Sheldon and Amy decide on a wedding date of May 12th. They want to have their reception at the Athenaeum at Caltech. While scouting the location, they are shocked to see Leonard and Penny eating there, as Leonard had told Sheldon their application had been denied. In reality, Leonard just wanted a place to avoid Sheldon. Kripke has booked the venue for his birthday party on the same day as the wedding. Leonard cleans radioactive sludge for Kripke to get the date for Sheldon as an apology for lying. Kripke eventually agrees to change the day but when Amy hears he wants to sing at the wedding, she suggests they get married at the Griffith Observatory instead. Meanwhile, Bernadette and Howard are unsure if one of them should quit their job to stay home with the children. Howard volunteers, but when left alone with the children he passes out exhausted, leaving Raj in charge. When Bernadette meets Penny for lunch, she realizes that she loves being at the office again, but doesn't want to leave the children. She and Howard promise to figure it out later after they take a nap.
Showrunner Steve Molaro, who took over from Bill Prady with the sixth season, credits some of the show's success to the sitcom's exposure in off-network syndication, particularly on TBS, while Michael Schneider of TV Guide attributes it to the timeslot move two seasons earlier. Chuck Lorre and CBS Entertainment president Nina Tassler also credit the success to the influence of Molaro, in particular the deepening exploration of the firmly established regular characters and their interpersonal relationships, such as the on-again, off-again relationship between Leonard and Penny. Throughout much of the 2012–13 season, The Big Bang Theory placed first in all of syndication ratings, receiving formidable competition from only Judge Judy and Wheel of Fortune (first-run syndication programs). By the end of the 2012–13 television season, The Big Bang Theory had dethroned Judge Judy as the ratings leader in all of syndicated programming with 7.1, Judy descending to second place for that season with a 7.0. The Big Bang Theory did not place first in syndication ratings for the 2013–14 television season, beaten out by Judge Judy.
Melissa Rauch as Bernadette Rostenkowski-Wolowitz (recurring season 3, starring seasons 4–12): A young woman who initially is a co-worker at The Cheesecake Factory with Penny to pay her way through graduate school, where she is studying microbiology. Bernadette is introduced to Howard by Penny; at first, they do not get along, apparently having nothing in common. They date and later get engaged and married. Although generally a sweet and good-natured person, Bernadette has a short fuse and can be vindictive and lash out when provoked.
Leonard gives an interview on public radio where he admits physics research might be at a dead end. The university is furious and, while trying to think of reasons to put in a retraction, he depresses Sheldon into thinking he might be right. Howard and Raj come over and end up just as depressed. Getting drunk with Penny, the men go to the grave of Richard Feynman and realize there is hope for physics as long as they believe in it. Leonard accidentally sends a drunken email to Human Resources. Meanwhile, Amy and Bernadette agree with each other to keep quiet about the success in their careers so as not to upset Sheldon and Howard. While bragging to each other, they end up arguing which of their fields is better.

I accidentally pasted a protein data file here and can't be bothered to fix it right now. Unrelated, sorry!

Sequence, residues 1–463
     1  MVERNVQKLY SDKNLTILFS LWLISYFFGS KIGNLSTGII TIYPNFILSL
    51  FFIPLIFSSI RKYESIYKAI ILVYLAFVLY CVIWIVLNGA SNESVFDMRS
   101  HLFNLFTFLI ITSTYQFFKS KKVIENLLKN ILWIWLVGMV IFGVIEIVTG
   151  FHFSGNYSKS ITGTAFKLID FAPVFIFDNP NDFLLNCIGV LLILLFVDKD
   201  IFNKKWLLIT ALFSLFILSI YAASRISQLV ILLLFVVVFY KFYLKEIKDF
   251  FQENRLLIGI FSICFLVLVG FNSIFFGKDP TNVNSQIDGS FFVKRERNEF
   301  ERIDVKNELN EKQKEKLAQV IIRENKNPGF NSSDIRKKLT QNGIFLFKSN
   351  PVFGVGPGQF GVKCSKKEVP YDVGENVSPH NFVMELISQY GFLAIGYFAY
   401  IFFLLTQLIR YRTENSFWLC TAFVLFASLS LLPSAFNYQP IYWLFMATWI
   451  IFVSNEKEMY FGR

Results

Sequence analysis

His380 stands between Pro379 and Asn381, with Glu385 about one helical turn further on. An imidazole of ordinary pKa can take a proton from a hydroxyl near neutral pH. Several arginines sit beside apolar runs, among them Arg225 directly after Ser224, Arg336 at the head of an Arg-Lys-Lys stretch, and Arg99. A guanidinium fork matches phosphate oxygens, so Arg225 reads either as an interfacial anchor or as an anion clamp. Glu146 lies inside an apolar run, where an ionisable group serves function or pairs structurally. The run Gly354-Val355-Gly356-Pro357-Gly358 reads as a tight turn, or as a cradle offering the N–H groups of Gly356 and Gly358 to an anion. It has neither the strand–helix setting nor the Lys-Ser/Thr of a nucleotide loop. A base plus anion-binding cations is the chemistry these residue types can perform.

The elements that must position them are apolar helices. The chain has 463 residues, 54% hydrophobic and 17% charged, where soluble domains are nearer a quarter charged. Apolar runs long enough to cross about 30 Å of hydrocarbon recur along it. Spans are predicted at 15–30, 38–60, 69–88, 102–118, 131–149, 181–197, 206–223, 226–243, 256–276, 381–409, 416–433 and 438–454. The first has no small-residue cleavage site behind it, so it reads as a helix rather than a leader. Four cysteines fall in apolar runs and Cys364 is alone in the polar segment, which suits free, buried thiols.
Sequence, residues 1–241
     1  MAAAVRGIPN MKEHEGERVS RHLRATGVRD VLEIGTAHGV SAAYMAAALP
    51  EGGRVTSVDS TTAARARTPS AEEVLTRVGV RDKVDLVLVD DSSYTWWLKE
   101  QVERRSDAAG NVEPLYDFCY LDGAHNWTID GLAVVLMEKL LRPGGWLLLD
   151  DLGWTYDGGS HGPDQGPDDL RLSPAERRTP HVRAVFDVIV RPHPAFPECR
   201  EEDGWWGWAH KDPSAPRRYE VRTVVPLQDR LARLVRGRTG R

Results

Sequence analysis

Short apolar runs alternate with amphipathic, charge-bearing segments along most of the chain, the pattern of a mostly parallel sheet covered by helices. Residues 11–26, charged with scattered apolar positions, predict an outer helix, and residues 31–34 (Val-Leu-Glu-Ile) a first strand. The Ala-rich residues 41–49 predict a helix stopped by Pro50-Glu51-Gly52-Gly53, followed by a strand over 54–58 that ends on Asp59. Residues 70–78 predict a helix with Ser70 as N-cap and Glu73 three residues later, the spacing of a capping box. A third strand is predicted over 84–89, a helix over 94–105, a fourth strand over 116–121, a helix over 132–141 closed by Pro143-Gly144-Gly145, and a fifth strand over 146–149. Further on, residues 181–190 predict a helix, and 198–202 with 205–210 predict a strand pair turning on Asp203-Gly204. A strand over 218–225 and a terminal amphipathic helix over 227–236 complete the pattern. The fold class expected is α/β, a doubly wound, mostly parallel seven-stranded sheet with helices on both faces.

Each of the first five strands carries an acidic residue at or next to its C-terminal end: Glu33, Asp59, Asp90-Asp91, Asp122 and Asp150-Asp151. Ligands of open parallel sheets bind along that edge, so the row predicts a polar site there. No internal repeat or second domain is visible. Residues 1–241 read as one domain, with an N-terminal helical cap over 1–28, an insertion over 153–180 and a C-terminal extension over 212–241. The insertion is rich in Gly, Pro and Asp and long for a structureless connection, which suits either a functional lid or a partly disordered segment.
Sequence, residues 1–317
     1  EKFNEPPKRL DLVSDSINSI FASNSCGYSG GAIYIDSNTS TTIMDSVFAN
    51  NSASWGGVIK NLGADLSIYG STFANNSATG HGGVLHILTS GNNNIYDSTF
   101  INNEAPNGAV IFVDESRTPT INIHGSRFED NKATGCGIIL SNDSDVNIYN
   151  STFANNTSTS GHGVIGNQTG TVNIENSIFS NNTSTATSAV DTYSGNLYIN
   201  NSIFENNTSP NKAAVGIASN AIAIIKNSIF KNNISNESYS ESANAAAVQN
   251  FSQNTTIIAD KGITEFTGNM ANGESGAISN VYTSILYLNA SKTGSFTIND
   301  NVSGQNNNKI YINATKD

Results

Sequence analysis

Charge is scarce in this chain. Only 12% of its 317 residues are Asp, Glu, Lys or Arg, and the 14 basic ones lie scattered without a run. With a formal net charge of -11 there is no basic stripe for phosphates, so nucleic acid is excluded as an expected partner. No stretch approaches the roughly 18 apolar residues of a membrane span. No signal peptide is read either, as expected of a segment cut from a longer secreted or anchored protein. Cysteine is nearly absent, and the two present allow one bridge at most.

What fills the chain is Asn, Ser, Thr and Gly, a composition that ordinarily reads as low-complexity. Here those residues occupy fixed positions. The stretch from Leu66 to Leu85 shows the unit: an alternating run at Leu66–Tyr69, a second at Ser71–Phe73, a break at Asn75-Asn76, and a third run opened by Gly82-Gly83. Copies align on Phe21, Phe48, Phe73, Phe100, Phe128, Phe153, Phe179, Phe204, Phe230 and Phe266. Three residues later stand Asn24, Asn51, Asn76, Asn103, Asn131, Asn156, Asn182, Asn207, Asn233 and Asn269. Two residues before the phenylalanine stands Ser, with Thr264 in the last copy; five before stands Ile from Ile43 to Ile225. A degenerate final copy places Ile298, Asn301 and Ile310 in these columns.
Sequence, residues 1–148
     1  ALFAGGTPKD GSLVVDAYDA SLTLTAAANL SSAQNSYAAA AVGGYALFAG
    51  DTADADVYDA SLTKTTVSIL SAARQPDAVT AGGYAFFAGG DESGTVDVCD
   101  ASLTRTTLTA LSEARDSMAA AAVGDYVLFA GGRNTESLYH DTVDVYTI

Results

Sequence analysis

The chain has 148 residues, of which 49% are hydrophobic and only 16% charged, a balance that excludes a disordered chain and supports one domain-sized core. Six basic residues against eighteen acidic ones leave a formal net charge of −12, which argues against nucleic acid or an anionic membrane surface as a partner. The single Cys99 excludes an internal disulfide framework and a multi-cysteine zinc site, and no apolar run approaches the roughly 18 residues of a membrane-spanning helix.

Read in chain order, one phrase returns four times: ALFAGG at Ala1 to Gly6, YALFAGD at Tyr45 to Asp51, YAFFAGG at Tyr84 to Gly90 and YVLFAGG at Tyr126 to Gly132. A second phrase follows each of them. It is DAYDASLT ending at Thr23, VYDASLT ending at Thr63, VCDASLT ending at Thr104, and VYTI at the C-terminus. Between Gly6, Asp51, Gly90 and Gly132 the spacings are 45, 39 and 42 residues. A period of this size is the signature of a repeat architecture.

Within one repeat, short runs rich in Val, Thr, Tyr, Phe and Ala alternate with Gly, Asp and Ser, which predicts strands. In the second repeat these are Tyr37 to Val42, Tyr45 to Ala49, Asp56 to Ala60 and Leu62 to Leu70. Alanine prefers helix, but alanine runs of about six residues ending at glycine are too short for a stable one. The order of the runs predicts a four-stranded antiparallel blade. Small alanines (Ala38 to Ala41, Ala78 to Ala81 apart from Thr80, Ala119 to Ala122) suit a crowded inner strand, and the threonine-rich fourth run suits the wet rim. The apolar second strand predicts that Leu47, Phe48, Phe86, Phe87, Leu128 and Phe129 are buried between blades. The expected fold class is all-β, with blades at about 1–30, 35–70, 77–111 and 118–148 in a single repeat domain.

Getting called into Human Resources for Amy's outburst, Mrs. Davis tells her and Sheldon they are blowing their chances at the Nobel Prize. Amy would be the fourth woman to win in Physics, pressuring her to be a role model for women everywhere. To calm down, they try a sensory deprivation tank, which Sheldon loves, but Amy's mood only worsens. Sheldon does not know how to help and ends up holding her while singing "Soft Kitty". A newly confident Amy goes back to Human Resources to be allowed to campaign again and shares a drink with Mrs. Davis. Meanwhile, Howard buys a scooter to ride with Raj like in the old days. Bernadette finds out and makes him sell it since it's too dangerous. Bert buys it and ends up meeting a nurse after he dislocates his arm in a wreck.
Sheldon needs half a billion dollars to prove his latest concept of string theory, which the University cannot afford to fund. Crowdfunding and selling some of his most valuable comic books to Stuart give him a small start. When Raj mentions gambling in Las Vegas, Sheldon goes there but is caught calculating odds by security before he can make any bets. Meanwhile, Amy takes Penny and Bernadette shopping for her wedding dress. She loves an old-fashioned one that the other girls admit that they find ugly, though Penny assures Amy she can make her own decisions about her wedding. Sheldon, however, comes home and sees Amy in the dress and loves how she looks.
He's since become attached to a handful of Netflix projects, appearing in their recent Ted Bundy film Extremely Wicked, Shockingly Evil and Vile, executive producing mentee Ryan O'Connell's autobiographical comedy series Special, and signing on to reprise his role in their movie version of Ryan Murphy's Broadway production of The Boys in the Band, due on the streaming service in 2020.
In March 2017, the main cast members (Galecki, Parsons, Cuoco, Helberg, and Nayyar) took a 10% pay cut to allow Bialik and Rauch an increase in their earnings. This put Galecki, Parsons, Cuoco, Helberg and Nayyar at $900,000 per episode, with Parsons, Galecki, and Helberg also receiving overall deals with Warner Bros. Television. By the end of April, Bialik and Rauch had signed deals to earn $500,000 per episode, each, with the deals also including a separate development component for both actors. The deal was an increase from the $175,000 – $200,000 the duo had been making per episode.